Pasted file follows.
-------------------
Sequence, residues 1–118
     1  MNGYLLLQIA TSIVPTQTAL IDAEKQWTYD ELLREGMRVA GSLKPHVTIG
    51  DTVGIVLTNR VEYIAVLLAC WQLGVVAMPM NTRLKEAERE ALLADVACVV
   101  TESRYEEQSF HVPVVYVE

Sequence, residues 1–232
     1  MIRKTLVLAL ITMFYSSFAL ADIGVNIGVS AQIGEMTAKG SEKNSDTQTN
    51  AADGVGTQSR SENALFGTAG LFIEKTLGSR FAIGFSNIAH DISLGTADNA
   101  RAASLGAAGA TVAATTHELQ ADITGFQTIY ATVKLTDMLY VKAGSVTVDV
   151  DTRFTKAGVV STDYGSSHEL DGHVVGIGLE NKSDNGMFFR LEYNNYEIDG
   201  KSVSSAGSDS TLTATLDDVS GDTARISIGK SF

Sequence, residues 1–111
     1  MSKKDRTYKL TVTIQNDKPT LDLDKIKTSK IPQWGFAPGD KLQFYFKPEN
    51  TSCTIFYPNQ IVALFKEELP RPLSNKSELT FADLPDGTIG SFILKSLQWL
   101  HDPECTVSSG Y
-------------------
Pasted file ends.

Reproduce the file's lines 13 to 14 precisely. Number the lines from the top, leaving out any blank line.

    51  TSCTIFYPNQ IVALFKEELP RPLSNKSELT FADLPDGTIG SFILKSLQWL
   101  HDPECTVSSG Y